Positive contributions to newwork were also made by the public housing and infrastructure sectors. Nonetheless, a trend of lower overall industry output is underlined further in these data releases from the Office for National Statistics. Context is vital, and although industry output is slowing, it does so from a position of record highs.
New orders for main contractors posted a 25% increase in Q3 2017 compared with the same period a year earlier. This rebound came after recording a significant fall of 13% in the Q2 2017 figure. The Q3 upturn was driven mainly by infrastructure (+111%), where HS2 contracts were awarded. The Office for National Statistics states that “the 37.4% growth in new orders is the highest on record, exceeding the previous high of 32% seen in Q3 1987, which occurred as a result of new orders placed for the construction of the Channel Tunnel”. Excluding the infrastructure component, new work orders increased by 4%, primarily because of the housing sector.
The lumpiness of infrastructure data recorded in the national statistics masks a more recent survey by the Civil Engineering Contractors Association. Its workload balance survey for the fourth quarter of 2017 declined for the first time in five years, although the balance was -4%. Optimism remains, however, as a higher balance of firms expect workloads to increase over the next 12 months, up to 28% in the fourth quarter from 23% in Q3 2017.
Headline sentiment surveys for the construction industry held up over the final quarter of 2017, with some showing a slight pick-up. Although sentiment was resilient for parts of the industry, this does not interrupt an overall trend to expected lower total output.
The Federation of Master Builders’ State of Trade survey in Q4 2017 reported construction SME workloads slipping marginally, although a healthy survey balance of 35% still indicated rising workloads. New enquiries and expected workloads among SMEs were beginning to move, but the survey balance of firms reporting these trends remained low at 16%. Experian’s Leading Indicator index also signalled an industry that is experiencing respectable activity levels for the time being.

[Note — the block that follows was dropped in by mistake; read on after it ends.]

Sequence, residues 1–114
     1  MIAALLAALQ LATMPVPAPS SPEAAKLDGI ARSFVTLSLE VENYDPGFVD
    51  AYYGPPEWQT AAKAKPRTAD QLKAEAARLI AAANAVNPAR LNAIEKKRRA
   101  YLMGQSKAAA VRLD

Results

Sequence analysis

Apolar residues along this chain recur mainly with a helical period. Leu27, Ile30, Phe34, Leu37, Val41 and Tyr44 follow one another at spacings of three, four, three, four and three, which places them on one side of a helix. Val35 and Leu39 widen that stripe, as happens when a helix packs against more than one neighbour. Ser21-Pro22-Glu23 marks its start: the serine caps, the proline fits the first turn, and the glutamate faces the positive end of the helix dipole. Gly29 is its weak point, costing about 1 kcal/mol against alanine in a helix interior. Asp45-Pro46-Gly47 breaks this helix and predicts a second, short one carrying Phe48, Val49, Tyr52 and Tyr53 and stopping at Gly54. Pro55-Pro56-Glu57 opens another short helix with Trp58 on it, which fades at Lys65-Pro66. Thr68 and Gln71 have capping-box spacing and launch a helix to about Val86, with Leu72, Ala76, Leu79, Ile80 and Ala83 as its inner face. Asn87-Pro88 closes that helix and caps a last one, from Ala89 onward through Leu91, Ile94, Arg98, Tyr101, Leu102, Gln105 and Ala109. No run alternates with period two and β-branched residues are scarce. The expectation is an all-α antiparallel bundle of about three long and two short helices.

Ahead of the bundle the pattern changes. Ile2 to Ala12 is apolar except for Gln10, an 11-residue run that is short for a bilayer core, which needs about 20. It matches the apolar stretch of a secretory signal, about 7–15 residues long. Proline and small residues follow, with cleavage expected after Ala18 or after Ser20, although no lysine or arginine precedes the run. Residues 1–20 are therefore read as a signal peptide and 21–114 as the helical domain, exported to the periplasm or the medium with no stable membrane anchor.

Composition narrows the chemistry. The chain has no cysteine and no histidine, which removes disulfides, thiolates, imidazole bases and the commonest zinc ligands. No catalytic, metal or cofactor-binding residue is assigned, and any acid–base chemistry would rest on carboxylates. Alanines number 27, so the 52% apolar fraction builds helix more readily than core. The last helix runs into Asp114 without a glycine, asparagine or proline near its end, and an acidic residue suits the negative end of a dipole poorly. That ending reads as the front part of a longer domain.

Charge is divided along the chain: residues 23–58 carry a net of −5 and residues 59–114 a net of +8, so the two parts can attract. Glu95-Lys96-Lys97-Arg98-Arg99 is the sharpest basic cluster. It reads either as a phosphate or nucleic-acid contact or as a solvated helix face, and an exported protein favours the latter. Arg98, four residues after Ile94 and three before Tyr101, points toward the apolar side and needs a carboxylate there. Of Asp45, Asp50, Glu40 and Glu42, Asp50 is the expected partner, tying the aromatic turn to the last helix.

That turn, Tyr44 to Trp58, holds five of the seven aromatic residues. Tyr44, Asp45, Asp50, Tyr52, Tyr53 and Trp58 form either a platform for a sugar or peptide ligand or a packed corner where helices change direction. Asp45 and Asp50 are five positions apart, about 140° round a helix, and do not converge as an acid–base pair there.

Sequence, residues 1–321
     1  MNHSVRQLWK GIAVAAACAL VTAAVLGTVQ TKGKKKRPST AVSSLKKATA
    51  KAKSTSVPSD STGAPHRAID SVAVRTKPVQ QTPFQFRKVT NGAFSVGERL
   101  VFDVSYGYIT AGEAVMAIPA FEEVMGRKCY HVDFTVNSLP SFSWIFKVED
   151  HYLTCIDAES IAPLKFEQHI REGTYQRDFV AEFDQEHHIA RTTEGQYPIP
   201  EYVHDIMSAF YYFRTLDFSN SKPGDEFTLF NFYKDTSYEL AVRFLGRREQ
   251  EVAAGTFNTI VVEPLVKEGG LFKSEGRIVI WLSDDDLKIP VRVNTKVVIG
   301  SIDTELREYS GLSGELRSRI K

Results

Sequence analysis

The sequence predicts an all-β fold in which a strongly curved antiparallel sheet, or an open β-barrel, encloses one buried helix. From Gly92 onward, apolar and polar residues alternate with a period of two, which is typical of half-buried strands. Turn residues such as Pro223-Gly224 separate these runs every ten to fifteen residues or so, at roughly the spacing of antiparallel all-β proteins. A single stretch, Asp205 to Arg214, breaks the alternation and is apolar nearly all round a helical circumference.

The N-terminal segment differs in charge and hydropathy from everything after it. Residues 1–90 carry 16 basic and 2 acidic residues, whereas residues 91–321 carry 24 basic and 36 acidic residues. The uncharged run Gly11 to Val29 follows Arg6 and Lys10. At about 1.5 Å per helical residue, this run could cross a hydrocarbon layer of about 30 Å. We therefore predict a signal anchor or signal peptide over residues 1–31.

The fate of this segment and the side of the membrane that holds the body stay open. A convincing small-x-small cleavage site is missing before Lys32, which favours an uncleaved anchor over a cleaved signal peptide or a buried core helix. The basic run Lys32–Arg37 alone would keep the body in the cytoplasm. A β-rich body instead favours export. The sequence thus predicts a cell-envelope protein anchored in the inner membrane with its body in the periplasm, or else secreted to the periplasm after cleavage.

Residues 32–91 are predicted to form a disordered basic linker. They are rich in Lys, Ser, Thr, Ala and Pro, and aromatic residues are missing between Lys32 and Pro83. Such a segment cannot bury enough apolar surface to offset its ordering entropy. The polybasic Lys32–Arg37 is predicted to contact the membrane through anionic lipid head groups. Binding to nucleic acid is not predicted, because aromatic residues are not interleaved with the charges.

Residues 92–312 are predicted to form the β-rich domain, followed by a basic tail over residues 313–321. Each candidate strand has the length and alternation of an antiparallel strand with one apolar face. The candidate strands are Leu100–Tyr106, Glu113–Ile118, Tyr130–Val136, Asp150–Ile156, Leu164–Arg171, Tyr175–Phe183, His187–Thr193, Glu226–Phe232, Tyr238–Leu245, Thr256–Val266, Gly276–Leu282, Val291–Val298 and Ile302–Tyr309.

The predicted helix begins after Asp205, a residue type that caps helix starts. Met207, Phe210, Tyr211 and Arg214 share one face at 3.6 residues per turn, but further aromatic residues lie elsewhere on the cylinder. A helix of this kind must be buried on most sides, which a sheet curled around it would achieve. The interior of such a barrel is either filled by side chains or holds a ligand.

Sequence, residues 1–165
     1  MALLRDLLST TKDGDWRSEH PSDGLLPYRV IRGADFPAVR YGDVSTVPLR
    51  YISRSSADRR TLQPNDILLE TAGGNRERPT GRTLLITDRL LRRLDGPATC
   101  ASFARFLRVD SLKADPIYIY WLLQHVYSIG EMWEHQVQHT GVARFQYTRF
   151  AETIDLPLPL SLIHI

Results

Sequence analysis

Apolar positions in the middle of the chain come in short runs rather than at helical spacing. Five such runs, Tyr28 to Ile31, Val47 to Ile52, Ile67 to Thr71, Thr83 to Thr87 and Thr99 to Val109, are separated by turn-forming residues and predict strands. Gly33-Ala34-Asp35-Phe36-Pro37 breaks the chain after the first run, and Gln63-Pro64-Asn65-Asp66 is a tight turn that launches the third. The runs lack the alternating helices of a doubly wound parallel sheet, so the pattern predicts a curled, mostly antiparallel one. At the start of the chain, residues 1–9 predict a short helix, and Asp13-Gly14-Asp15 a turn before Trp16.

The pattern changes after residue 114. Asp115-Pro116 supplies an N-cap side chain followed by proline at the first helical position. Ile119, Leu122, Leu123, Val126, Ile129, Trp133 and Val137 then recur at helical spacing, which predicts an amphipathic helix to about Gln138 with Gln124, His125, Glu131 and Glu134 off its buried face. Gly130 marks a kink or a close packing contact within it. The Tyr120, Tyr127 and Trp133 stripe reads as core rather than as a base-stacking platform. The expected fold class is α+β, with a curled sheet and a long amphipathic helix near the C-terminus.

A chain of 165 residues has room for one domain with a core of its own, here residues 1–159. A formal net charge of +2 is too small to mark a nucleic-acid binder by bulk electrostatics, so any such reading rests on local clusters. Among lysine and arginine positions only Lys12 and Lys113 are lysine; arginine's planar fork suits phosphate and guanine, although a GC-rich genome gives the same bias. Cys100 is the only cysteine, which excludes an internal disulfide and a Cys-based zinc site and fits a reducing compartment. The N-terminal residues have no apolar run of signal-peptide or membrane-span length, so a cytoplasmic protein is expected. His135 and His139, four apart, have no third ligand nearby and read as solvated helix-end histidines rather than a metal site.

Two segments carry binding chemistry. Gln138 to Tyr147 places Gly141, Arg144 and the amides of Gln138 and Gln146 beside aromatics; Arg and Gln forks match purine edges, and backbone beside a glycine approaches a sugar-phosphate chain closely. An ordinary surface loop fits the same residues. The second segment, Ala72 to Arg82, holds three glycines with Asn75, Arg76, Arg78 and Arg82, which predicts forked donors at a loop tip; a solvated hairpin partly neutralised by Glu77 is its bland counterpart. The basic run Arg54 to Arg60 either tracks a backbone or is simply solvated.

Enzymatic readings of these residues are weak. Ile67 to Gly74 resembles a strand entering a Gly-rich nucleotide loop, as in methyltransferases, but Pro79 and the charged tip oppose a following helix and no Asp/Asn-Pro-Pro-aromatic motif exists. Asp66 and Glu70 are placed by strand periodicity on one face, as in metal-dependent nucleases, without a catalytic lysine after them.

Construction is experiencing a softer patch, yet some support is available from the economic backdrop and corresponding general economic surveys. London is the most pessimistic of the regions reported in ICAEW’s business confidence index survey, the capital being below the UK average in all but one quarter since the EU referendum.
Construction-specific surveys report a similar trend too. According to Experian’s survey, the North-east and Yorkshire lead the way for construction activity, followed by the South-west and the East Midlands. It is not only residential development but a broad base of activity across all construction sectors that underpins this regional buoyancy.
A / Aecom indices
04 / Building costs and prices
Aecom’s tender price index pushed higher by 3% in Q4 2017 compared with the same period in 2016. This is tangible evidence of inflationary pressures still present in the system, supporting the findings of many industry surveys throughout last year in which supply chain firms indicated they were experiencing rising costs and prices. Furthermore, many of the surveys show a continuation of the trends over the short term and beyond. The same underlying inflationary input cost themes are at play, except that it is not now all a one-way pass-through into selling price inflation, as in recent years.
Some respite is felt from the earlier foreign exchange-induced input cost inflation. However, imported inflation is still being sucked into the economic systems of the UK because of the prevailing lower sterling exchange rates. Although sterling is now strengthening against the US dollar, it has not made the same amount of headway against the euro.